Here are some tips make your overseas journey easier. (courtesy of Travel & Leisure)
Hotel business cards. Take a business card from the front desk when you check in, that way, if you ever get lost, you have the name and address of the hotel in the local language. Having something in a local language that can be shown to locals and taxi drivers is an extra bit of insurance.
The six-month passport rule. The U.S. lets you use your passport up to the date inside the cover. However, several countries will deny travelers entry if the passport expires in less than six months. Why? If for some unexpected reason you get stuck overseas longer than planned, that country wants to ensure that you have a valid passport to eventually travel back to the United States. To avoid any problems, renew your passport during a downtime in travel, about nine months prior to the expiration date.
Getting cash. The best way to get cash is usually an ATM, but many U.S. banks charge steep fees for using an ATM that is out of network. You can take out a large amount of cash at the airport ATM so you pay that fee only once, but it’s never advisable to carry large sums of cash. Plus, you risk having too much local currency left over at the end of your trip. Charles Schwab and Fidelity both offer checking accounts that have no minimum balance requirements and reimburse you for all ATM fees, including those from overseas.
Credit cards. The best exchange rates are often found using your credit card. However, many credit cards will tack on a foreign transaction fee, sometimes as high as 3 percent. It’s a pointless fee that no traveler should ever pay. The Chase Sapphire Preferred card and Platinum American Express are two of the cards that don’t levy this fee. Also, never have a hotel or restaurant convert a charge into dollars first. It’s a bad deal.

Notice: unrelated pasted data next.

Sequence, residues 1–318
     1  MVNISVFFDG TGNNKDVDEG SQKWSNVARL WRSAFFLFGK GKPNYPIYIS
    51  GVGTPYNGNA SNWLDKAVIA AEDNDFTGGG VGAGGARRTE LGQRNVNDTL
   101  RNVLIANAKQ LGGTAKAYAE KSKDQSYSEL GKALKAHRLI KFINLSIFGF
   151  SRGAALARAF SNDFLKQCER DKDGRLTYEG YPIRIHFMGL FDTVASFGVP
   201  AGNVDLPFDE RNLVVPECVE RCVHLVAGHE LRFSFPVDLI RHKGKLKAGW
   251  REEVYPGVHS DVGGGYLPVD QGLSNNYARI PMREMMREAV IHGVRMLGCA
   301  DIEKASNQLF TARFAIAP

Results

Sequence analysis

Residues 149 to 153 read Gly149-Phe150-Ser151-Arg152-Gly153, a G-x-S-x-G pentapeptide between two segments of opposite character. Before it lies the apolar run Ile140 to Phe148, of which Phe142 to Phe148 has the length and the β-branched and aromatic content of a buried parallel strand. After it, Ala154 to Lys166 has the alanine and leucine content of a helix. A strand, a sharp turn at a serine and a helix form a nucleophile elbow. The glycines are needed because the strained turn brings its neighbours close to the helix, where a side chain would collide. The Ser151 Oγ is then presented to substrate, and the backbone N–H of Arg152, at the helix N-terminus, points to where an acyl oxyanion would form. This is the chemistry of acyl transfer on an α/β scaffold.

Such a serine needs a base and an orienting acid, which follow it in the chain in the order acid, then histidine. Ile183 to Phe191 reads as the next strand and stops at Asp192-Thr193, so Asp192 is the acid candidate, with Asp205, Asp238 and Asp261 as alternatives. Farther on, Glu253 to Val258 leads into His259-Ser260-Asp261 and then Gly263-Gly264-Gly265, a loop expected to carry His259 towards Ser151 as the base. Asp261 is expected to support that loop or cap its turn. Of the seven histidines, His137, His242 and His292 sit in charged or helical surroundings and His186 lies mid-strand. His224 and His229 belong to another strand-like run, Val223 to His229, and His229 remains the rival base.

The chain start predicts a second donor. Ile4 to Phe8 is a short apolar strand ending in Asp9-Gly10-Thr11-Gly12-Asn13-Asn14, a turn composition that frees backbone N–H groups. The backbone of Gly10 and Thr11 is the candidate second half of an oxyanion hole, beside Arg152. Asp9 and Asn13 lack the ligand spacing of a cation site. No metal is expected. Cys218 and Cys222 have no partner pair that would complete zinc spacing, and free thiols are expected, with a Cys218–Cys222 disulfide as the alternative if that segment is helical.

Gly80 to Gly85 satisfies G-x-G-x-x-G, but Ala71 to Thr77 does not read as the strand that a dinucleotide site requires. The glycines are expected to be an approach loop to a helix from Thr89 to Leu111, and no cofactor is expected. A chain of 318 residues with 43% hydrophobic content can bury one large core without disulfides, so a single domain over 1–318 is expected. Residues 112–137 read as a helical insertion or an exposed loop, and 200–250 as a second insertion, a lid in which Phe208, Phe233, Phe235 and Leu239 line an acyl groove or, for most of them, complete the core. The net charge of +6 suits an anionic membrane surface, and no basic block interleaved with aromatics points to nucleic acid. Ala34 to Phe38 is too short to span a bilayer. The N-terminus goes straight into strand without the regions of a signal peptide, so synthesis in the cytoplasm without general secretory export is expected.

Fraud alerts. Notify your credit card company’s fraud department of what countries you will be visiting and on what dates. This way, they won’t think your card is stolen and shut it off just when you need it the most. Be mindful of any countries you might be changing planes in; you might need to make a charge during your layover, especially if there’s a delay.
Credit card chips. In Europe, all cards have a chip embedded in them which—when paired with a PIN—are used for purchases. It’s a much more secure way of charging goods, It’s been adopted in the States, but some people may still have the swipe type card. Most vendors overseas can still swipe your card. But train ticket machines, gas stations, and other machines where we pay without interacting with a person often reject cards that are swiped. Use a credit card with chip and signature technology.
Medicine. It’s a good idea to carry an eye mask and earplugs in your medicine bag because you never know what your hotel room is going to be like. Allso carry Advil, NyQuil, Imodium A-D, Tums, and a handful of other key medications. Do you want to be running around Germany late at night, trying to translate “diarrhea”?
Travel alerts. It’s a good idea to check the State Department’s travel warnings and alerts. It’s also smart to print out the address and contact information of the local embassy.
Data roaming. Set up your cell phone to avoid international data roaming. The biggest costs can come from transmitting data overseas. Turn off data roaming as soon as you leave the US to avoid these astronomical charges.
Unwanted local currency. Figure out on your last night how much cash you will need and then set aside the leftover money. At checkout the next morning, take that cash and ask the hotel to apply it to your bill and then pay the remaining balance with my no-foreign-transaction-fee credit card !!
All the best